Body may hold cancer cure key

`Industry' unlikely to speed facts to public

For years, the medical and pharmaceutical companies have searched in labs to find a "cure" for cancer, yet we're still no closer to a solution today. It had long been rumored that the cancer "industry" wasn't unhappy about this as long as its current system guaranteed profits -- BIG profits.

Now, however, several researchers have begun looking in the right place: the human body itself.
A study published in the Journal of The National Cancer Institute by researchers at the University of Maryland Cancer Center found that interleukin-10, a naturally occurring compound found in the immune system, may have potential as a treatment for cancers that have spread.

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The researchers say that interleukin-10 appears to have little toxicity. The study shows, for the first time, that the compound seems to be effective in fighting cancers that have spread from their original site to other parts of the body. The researchers say it deserves consideration as a potential treatment for human cancer. However, they add that more studies need to be conducted.

The likelihood that additional studies will actually be undertaken is doubtful. Many scientists and health care advocates agree that pharmaceutical companies, research centers, and other profit-making medical concerns have a strong motive for stopping such efforts.

As health advocate and book author Jim Devlin noted in 1981, "Medical research will never find a cure for cancer. In fact, if it could find one, it might do everything in its power to bury it at the bottom of the deepest ocean. Why? Because cancer is big business, perhaps our biggest single industry."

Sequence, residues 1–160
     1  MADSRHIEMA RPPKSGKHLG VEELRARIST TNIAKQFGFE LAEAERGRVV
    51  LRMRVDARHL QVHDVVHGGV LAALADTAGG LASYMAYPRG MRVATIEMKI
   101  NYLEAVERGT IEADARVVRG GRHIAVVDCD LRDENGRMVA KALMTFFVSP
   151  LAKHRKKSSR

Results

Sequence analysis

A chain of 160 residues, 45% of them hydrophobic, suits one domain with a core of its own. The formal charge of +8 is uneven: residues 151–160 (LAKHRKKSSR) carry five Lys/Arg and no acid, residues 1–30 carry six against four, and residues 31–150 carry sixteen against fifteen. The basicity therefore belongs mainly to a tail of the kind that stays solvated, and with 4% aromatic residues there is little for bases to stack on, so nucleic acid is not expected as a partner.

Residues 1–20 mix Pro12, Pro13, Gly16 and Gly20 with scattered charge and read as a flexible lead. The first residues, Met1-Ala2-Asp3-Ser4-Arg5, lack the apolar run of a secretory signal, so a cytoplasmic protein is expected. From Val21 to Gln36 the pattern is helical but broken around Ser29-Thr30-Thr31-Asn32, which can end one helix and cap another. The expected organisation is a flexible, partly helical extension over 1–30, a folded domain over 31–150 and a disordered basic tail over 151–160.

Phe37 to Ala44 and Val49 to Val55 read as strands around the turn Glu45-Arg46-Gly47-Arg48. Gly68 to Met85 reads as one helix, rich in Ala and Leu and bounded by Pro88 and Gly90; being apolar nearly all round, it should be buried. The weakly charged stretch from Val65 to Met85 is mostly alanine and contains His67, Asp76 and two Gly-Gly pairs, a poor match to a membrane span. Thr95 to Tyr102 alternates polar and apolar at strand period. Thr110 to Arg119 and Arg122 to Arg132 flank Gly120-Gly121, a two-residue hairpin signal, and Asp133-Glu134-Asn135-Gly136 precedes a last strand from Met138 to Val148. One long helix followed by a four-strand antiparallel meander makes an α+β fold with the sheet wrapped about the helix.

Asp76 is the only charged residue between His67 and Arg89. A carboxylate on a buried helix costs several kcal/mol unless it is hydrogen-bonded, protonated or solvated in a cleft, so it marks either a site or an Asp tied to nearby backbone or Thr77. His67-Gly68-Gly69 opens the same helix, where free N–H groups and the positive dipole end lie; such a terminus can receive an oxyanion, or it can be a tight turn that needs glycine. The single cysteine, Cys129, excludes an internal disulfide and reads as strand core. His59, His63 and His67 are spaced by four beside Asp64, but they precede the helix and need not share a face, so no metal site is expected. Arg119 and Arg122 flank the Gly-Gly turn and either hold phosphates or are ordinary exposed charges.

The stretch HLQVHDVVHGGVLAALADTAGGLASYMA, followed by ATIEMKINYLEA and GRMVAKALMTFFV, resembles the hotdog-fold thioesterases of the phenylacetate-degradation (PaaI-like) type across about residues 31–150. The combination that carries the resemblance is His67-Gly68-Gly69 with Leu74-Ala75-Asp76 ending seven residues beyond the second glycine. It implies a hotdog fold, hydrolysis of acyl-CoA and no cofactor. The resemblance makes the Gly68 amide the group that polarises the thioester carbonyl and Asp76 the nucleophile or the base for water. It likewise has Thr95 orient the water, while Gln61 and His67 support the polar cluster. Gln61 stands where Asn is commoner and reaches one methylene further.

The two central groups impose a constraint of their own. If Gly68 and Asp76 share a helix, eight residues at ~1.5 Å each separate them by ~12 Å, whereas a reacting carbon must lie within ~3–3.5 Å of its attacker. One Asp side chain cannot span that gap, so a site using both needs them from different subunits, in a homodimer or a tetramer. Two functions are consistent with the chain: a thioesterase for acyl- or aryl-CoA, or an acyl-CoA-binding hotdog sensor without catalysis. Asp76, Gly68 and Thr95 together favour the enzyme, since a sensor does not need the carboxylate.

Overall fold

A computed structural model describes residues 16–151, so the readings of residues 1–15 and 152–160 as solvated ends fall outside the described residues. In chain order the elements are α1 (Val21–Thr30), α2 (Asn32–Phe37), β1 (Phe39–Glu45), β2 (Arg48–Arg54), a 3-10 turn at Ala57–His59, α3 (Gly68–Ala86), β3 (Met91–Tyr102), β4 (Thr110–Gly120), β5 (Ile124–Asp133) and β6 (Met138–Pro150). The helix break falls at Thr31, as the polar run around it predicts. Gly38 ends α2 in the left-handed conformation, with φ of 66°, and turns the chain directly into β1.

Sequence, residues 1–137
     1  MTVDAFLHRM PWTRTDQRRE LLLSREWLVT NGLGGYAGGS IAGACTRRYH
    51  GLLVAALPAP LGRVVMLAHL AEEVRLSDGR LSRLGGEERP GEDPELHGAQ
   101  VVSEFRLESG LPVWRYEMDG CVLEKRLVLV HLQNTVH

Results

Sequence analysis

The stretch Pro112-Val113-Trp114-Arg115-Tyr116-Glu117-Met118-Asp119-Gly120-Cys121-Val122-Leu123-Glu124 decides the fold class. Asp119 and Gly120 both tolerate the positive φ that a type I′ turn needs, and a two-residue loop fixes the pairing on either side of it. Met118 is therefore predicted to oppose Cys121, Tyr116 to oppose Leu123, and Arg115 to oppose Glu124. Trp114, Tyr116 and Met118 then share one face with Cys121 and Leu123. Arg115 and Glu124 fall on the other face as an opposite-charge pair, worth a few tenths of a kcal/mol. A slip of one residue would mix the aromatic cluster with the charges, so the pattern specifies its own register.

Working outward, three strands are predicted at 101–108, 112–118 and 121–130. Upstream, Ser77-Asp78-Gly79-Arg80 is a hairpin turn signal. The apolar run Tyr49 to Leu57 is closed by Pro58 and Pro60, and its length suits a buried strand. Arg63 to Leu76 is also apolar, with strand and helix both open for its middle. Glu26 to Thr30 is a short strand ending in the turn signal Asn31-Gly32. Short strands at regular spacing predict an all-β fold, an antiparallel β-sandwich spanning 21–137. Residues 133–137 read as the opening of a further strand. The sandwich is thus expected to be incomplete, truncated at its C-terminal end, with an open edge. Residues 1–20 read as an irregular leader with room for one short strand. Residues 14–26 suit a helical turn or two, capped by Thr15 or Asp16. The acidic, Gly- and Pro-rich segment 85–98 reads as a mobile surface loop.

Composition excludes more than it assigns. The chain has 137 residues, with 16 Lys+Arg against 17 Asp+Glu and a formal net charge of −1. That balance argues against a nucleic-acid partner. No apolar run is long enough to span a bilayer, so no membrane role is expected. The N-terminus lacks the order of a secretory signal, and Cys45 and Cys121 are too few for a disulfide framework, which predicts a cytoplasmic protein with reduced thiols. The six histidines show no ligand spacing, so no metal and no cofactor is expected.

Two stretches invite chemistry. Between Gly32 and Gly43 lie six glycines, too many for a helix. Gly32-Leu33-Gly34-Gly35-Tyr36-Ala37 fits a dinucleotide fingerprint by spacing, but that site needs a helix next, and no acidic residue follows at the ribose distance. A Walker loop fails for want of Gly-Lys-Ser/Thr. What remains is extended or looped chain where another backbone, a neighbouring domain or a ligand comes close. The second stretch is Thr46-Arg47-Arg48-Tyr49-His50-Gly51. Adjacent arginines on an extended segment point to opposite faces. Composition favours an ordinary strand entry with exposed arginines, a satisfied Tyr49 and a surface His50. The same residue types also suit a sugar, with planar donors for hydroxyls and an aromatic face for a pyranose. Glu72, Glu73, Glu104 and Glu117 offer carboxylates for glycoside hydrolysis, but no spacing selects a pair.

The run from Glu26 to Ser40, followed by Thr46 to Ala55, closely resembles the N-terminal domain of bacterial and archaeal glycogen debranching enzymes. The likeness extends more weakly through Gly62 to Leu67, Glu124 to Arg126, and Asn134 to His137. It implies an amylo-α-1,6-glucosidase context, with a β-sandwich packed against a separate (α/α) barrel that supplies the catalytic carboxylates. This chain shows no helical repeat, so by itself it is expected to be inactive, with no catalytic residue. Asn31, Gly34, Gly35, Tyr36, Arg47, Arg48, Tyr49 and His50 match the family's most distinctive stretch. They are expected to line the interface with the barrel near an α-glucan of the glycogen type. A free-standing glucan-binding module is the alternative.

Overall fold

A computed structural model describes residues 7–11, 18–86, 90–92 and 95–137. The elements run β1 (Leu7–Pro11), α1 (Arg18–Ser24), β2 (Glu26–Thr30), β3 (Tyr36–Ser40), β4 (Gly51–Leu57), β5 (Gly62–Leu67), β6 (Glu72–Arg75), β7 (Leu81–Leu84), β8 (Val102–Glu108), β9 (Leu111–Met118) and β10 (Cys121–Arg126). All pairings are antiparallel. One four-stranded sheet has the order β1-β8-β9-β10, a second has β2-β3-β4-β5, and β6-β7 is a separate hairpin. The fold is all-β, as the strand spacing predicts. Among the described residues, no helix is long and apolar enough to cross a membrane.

As though predicting the work of the researchers, Devlin added, "No doctor cures anything. No hospital heals. No medicine truly makes one well. It is the force within one's own body, the life in the blood stream which effects all cures."
The information about interleukin 10 should have made front page news across the country, but instead, the public learned only of new drugs and surgical techniques to "cure" cancer. It will not be surprising, then, to too many people if research on the body's ability to cure cancer is not pursued -- or if the findings discovered so far are suppressed.
SOURCES: "Compound in body's immune system may have potential to treat cancer," News Release, Maryland Medical Center, May 1996.

"Antimetastatic and antitumor activities of interleukin 10 in a murine model of breast cancer." Journal of the National Cancer Institute, April 17, 1996 v88 n8 p536(6).
"Bee Pollen and the New You," by Kim Devlin. 1981.

The Chiropractic Journal.

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